Denmark tightens sperm donor law after NF1 transmissions

image captionDenmark's IVF clinics attract thousands of women hoping to conceive using donor sperm

Denmark is tightening rules on sperm donation after one donor was found to have passed on a rare genetic condition to at least five of the 43 babies he is thought to have fathered.

Neurofibromatosis type 1 (NF1) produces tumours that affect the nervous system, and the affected sperm is thought to have been used in 10 countries.

The sperm bank has been criticised for failing to screen for the condition.

Donors will now only be allowed to donate enough for 12 inseminations.

Denmark has liberal sperm donation policies that appeal to women who want to conceive using artificial insemination.

The Copenhagen sperm bank Nordisk Cryobank said it was aware of five babies that had been born with NF1.

The clinic's director, Peter Bower, told Agence France-Presse that confidentiality rules meant he was unable to give detail on how old the children were, or where they lived.

But he said the donor was known to have provided sperm to women prior to October 2008, in countries inside and outside Europe.

He said Nordisk Cryobank did not stop using the sperm immediately because it could not be sure the donor was responsible for passing on the condition.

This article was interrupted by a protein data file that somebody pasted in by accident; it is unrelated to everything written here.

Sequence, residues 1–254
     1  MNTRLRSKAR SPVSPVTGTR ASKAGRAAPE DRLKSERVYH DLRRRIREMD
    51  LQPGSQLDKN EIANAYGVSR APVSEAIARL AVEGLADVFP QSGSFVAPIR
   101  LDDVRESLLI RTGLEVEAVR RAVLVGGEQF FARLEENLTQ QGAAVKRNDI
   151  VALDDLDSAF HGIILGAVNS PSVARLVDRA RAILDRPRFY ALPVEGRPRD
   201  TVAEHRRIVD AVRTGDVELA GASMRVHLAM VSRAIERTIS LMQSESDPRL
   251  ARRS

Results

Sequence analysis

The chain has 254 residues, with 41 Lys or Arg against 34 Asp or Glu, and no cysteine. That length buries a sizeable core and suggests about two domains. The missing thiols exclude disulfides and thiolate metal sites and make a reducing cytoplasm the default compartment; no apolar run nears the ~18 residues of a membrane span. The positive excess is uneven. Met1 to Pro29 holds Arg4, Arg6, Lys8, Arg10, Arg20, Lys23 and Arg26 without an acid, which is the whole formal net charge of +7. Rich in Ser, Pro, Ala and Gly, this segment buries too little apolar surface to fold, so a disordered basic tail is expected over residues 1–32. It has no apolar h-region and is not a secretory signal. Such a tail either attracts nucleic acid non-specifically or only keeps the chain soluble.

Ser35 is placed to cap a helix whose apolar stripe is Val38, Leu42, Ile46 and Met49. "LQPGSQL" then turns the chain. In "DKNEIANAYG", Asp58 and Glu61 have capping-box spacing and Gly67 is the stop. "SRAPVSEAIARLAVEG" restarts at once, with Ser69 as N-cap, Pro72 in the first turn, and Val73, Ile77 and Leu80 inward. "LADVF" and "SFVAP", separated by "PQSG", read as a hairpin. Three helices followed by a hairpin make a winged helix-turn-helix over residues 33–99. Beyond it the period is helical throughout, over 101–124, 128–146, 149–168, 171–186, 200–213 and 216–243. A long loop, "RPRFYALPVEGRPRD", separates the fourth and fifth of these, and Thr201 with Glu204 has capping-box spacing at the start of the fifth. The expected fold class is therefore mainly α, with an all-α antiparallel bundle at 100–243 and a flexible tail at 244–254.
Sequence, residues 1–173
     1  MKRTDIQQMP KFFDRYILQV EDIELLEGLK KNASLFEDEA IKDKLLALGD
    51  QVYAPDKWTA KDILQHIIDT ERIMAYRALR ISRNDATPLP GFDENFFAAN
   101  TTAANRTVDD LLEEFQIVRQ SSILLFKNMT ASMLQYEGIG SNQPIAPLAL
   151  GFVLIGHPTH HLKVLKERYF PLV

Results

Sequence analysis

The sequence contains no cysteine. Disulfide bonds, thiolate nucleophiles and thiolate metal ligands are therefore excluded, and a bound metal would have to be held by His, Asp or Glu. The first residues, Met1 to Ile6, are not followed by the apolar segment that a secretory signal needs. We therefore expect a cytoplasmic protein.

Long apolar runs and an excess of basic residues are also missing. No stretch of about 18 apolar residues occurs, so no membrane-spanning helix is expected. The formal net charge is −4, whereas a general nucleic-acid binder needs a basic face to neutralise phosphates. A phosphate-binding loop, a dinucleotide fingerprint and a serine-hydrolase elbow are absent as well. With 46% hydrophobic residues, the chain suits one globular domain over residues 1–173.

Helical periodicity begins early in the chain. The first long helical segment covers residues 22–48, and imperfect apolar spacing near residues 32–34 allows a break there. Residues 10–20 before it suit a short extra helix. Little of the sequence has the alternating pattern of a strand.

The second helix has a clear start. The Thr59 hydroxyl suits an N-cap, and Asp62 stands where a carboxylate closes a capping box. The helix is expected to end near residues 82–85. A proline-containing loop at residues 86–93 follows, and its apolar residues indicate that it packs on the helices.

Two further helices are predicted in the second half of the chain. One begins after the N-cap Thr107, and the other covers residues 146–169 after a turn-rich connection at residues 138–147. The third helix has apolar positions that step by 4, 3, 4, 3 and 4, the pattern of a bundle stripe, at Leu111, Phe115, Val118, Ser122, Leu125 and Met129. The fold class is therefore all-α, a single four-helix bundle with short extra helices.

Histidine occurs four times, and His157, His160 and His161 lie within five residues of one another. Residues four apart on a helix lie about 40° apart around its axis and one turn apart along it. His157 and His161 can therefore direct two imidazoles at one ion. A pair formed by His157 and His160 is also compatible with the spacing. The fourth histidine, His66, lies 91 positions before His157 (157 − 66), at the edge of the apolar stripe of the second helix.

The donated sperm was used by 14 different fertility clinics, Danish broadcaster DR reports.

'Shaken and shocked'

NF1 is caused by a genetic mutation. In half of all cases it is passed from a parent to their child. In other cases, the mutation develops on its own.

It can produce a wide range of symptoms - from unusual skin pigmentation, to serious and disfiguring non-cancerous tumours which can sometimes turn cancerous.

It can also cause learning difficulties, problems with vision, and an abnormally curved spine.

There is no treatment for the condition, but the symptoms can be managed.

A mother of one of the affected children, Mia Levring, condemned the clinic's actions, saying she was "shaken and shocked".

Another, Sonja Pedersen, said: "We are dealing with a lot of children, but there is also the economical aspect. They earn a lot of money doing this. And one has a responsibility to make sure that the product, so to speak, is all right."

The head of the Danish Health and Medicines Authority, Anne-Marie Vangsted, criticised the sperm bank, saying it had failed to withdraw the sperm when it first became aware of the problem.

It is unclear how the donor who passed on NF1 was able to father 43 children, despite Denmark's current limit of 25.

The new limit of 12 will be introduced from 1 October.

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